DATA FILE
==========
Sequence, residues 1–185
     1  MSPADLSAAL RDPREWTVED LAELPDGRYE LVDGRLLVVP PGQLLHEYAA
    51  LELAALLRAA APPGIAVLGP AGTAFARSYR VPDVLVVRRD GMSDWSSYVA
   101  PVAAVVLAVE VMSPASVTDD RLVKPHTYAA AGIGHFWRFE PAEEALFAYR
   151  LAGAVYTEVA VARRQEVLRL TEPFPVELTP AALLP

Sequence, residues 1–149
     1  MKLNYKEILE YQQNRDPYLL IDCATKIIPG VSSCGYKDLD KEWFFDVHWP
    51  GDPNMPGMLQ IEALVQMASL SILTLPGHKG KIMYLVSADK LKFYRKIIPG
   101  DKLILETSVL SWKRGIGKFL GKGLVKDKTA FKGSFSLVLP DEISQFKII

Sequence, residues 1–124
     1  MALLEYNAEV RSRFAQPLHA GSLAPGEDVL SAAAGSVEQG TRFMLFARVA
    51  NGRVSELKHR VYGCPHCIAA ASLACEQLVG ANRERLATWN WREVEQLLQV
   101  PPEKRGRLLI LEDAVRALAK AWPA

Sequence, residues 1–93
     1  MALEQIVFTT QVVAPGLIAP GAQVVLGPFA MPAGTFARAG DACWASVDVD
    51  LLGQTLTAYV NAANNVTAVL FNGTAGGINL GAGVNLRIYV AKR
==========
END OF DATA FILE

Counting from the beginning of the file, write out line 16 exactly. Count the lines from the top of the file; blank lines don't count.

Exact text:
    51  LLGQTLTAYV NAANNVTAVL FNGTAGGINL GAGVNLRIYV AKR